Global climate change: Modi draws red line, focuses on India’s clean energy plans

23TH_MODI_2286189gMonths before the Paris global climate summit, India’s Prime Minister Narendra Modi has laid down red lines, saying said he would not succumb to foreign pressure to commit cuts in carbon emissions and stressed on the country’s plan to focus on ramping up the production of clean energy and home growth methods to combat climate change.

He underlined that respecting nature is engrained in our cultural values and India could lead the world in battling climate change, rather than merely following Western guidelines.

Inaugurating a two-day conference of state environment and forest ministers in New Delhi, he said that “we have a legacy of thousands of years in this field… India can show the way to the world out of this crisis”.

India is today the world’s third largest emitter of greenhouse gases. Though our per capita emissions remain way below the developed countries (1.7 metric tonnes per capita, as opposed to China (6.2 mtpc) and USA (17.6 mtpc)), they are slated to increase with economic growth and development. There is pressure on India to restrict emissions, especially after the US and China committed to reductions in a land mark announcement last year (China agreed to cap emissions latest by 2030 and have 20% share of renewable energy in energy mix). Mr Modi highlighted India’s initiatives in solar and wind energy sectors and the need to switch to renewable energy and find innovative solutions to global warming.

PM to West: Don’s lecture us

The prime minister also underscored that the West-led lobby on climate change should not harp on emission cuts, but focus more on clear energy (India remains excessively dependent on fossil fuel) and aid in transfer of technology to achieve the requisite shift. He was highly critical of the West’s inability to supply India with nuclear fuel to aid in developing nuclear power.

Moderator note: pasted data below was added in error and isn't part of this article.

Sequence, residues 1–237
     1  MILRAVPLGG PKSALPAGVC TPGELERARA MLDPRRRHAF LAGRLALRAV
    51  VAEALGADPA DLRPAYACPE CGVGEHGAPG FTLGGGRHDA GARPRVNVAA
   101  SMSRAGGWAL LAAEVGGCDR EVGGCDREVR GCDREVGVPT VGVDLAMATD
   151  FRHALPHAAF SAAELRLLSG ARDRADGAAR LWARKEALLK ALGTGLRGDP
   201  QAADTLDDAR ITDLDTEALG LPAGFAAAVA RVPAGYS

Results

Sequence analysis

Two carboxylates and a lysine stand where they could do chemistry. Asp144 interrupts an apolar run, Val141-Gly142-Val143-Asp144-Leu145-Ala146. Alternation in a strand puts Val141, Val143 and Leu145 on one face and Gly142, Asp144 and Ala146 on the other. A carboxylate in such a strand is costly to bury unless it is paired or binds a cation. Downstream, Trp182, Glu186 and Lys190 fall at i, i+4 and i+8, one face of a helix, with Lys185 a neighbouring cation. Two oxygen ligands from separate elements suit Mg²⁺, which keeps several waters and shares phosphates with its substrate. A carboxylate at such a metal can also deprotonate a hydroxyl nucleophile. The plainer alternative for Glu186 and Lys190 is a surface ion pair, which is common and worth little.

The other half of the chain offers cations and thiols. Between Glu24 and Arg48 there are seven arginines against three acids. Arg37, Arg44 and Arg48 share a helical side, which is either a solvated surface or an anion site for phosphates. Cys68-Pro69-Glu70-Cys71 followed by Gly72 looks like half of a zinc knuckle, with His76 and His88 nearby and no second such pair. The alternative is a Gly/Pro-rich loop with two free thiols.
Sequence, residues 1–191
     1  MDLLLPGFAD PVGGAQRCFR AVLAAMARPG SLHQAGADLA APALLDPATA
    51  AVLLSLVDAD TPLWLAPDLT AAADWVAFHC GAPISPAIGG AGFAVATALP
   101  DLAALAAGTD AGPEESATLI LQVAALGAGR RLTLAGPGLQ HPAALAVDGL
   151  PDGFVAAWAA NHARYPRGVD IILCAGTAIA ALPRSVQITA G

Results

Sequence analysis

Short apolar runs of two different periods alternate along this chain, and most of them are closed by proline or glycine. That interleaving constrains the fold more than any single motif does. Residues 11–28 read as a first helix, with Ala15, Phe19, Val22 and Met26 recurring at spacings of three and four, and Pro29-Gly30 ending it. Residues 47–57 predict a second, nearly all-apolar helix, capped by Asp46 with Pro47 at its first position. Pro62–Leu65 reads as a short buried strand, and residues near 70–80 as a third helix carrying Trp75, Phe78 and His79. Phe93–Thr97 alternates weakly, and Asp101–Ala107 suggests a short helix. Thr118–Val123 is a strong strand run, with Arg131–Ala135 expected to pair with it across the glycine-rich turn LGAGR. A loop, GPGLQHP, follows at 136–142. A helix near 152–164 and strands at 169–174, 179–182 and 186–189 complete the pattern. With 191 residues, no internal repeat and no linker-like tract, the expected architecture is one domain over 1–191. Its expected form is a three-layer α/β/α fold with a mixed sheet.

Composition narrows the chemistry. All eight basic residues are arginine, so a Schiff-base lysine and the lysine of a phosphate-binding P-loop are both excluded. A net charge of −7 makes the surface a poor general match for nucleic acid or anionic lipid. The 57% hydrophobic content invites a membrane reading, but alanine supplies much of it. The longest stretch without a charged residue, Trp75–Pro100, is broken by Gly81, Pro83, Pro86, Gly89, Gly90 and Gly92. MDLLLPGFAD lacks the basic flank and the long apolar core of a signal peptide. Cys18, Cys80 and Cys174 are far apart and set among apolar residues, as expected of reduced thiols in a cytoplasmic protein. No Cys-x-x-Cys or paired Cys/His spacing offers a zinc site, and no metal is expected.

He mentioned that citizens should take proactive initiatives as switching off street lights on full moon to save energy. In a bid to curb air pollution, a national air quality index to monitor pollution level in 10 cities was also launched at the event.

The United Nations Climate talks in Paris later this year will be crucial in trying to draw the roadmap for emissions reduction in to curb GHG emissions, in the post-Kyoto Protocol scenario. For the talks be a successful, the global South, in which India is an important voice, needs to agree to emission reduction commitments. India has prioritised development to lift million out of poverty, and pushes the Common But Differentiated Responsibility (CBDR) stand and historical responsibility of the global North to take leadership in climate change (by reducing per capita emissions) rather than burdening the developing countries.

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